Peter Guthrie Tait

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(b, Dalkeith, Scotland, 28 April 1831; d. Edinburgh, Scotland, 4 July 1901)

physics, mathematics.

Tait was the son of the former Mary Ronaldson and John Tait, who was secretary to the duke of Buccleuch. He was taught first at Dalkeith Grammar School and, after his father’s death, at a school in Circus Place and later at the Academy, both in Edinburgh. With his mother and his two sisters Tait lived in Edinburgh with an uncle, John Ronaldson, who introduced the boy to geology, astronomy, and photography. It is interesting to note that the order in the mathematics section of the Edinburgh Academical Club Prize for 1846 was first Tait, then Lewis Campbell, and third J. C. Maxwell. (In the following year Tait was second to Maxwell.) Tait entered Edinburgh University in 1847, and after a session there went in 1848 to Peterhouse, Cambridge, where his tutor was William Hopkins. He graduated as senior wrangler and first Smith’s Prizeman in 1852. (Second in the tripos was another student at Peterhouse, W. J. Steele, with whom Tait collaborated on his first book, Dynamics of a Particle [1856]. Steele died before completing his portion of the book.)

In 1854 Tait left Cambridge, where he was a fellow of his college, to become professor of mathematics at Queen’s College, Belfast. His colleague there was Thomas Andrews, with whom he collaborated in research on the density of ozone and the results of electrical discharge through gases. Other colleagues were Charles Wyville Thomson, who later was scientific leader of the Challenger expedition, and James Thomson, brother of William, Lord Kelvin, and discoverer of the effect of pressure on the melting point of ice. Tait’s debts to Andrews were undoubtedly great, for the latter introduced him to experimental physics; but he did not, as is occasionally said, introduce Tait to Hamilton’s calculus of quaternions, which had occupied Tait while he was at Cambridge.

Tait succeeded J. D. Forbes as professor of natural philosophy at Edinburgh in 1860 and held the chair until shortly before his death. In 1857 he married Margaret Archer Porter, the sister of two Peterhouse friends. One of their four sons, the best amateur golfer of his day, was killed in the Boer War.

At Edinburgh, Tait was confirmed in his recently found liking for experimentation by the duties required of him. In 1862, for example, he wrote a paper jointly with J. A. Wanklyn on electricity developed during evaporation. In 1867, having been greatly taken by Helmholtz’s paper on vortex motion, he devised an apparatus for studying vortex smoke rings, thereby giving Kelvin the idea of a vortex atom. His study of vortices was the starting point of a highly important pioneer study of the topology of knots. Tait continued to experiment on thermoelectricity, publishing extensively on the subject and on thermodynamics as a whole. In 1873 he presented a first sketch of his well-known thermoelectric diagram to the Royal Society of Edinburgh. In 1875 he experimented with James Dewar on the behavior of the Crookes radiometer and gave the first satisfactory explanation of it. Between 1876 and 1888, using superb equipment of his own design supplied by the Admiralty, Tait did research on the corrections that it would be necessary to apply to the findings of the Challenger expedition regarding deep-sea temperatures. This work led to important experimental studies of compressibility and the behavior of materials under impact. In the same connection Tait wrote a classic paper on the trajectory of a golf ball (1896). The fourth in an important series of papers on the kinetic theory of gases (1886 – 1892) contained, according to Kelvin, the first proof of the Waterston-Maxwell equipartition theorem.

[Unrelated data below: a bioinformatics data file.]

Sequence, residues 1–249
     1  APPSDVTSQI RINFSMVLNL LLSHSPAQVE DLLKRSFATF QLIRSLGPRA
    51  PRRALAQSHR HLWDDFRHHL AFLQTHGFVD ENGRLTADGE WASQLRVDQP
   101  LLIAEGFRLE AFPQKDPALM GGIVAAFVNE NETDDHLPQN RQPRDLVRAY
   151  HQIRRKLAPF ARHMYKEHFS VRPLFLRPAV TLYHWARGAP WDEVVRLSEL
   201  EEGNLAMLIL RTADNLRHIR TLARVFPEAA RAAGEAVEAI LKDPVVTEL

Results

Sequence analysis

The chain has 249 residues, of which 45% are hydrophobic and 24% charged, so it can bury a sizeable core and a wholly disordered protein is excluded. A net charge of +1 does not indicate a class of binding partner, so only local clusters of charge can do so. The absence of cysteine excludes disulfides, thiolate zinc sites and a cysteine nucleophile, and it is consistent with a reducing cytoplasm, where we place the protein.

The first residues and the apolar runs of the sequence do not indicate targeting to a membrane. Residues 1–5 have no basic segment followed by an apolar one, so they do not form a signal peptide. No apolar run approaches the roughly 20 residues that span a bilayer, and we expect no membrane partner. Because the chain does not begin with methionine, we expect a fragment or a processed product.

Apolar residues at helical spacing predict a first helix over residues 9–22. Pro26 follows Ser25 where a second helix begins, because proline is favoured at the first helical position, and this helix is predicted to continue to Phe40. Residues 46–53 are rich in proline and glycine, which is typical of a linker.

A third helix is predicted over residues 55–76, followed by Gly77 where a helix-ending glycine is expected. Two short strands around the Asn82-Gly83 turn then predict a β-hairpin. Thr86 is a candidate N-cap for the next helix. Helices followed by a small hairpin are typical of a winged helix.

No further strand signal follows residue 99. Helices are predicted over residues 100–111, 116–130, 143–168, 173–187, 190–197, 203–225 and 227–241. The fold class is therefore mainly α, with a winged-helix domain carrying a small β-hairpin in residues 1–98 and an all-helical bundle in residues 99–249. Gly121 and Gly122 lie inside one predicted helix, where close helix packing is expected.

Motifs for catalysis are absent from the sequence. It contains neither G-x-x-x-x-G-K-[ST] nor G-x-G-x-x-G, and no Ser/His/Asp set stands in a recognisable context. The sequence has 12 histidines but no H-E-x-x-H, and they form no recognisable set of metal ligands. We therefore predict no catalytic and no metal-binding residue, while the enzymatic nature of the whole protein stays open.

Tait’s life was marked by several controversies, two of which reached a wide public. He felt himself committed to quaternions, having promised Hamilton, only a few days before the latter’s death, to publish an elementary treatise on the subject. The work appeared in 1867 and was followed by new editions in 1873 and 1890. Tait disliked intensely the vector methods of J. W. Gibbs and Oliver Heaviside, and in a long exchange of polemics tended to have the worst of the argument. In his controversial Sketch of the History of Thermodynamics (1868), a highly prejudiced and pro-British account, the reputations of J. R. Mayer and Clausius suffer, while Kelvin and Joule are often praised at their expense.


C. G. Knott, Life and Scientific Work of Peter Guthrie Tait (Cambridge, 1911), lists 365 papers and 22 books written wholly or partly by Tait. The last two books listed are collected volumes of Tait’s Scientific Papers (Cambridge, 1898 – 1900). His best-known work was vol. I of Treatise on Natural Philosophy (Oxford, 1867; Cambridge, 1878, 1883), written jointly with Sir William Thomson and widely known as “T and T′.” A promised vol. II failed to appear. Tait and Thomson also collaborated on an elementary version.

Knott’s biography, which refers to all the important obituaries, is itself the fundamental biographical source, although very uncritical. See also J. H. Hamilton Dickson, in Dictionary of National Biography, 2nd supp., III (1912), 471 – 474; and A. Macfarlane, “P.G.T.,” in Bibliotheca mathematica, 3rd ser., 4 (1903), 185 – 200. For the controversy over the history of thermodynamics, see D. S. L. Cardwell, From Watt to Clausius (London, 1971), 282 – 289.

J. D. North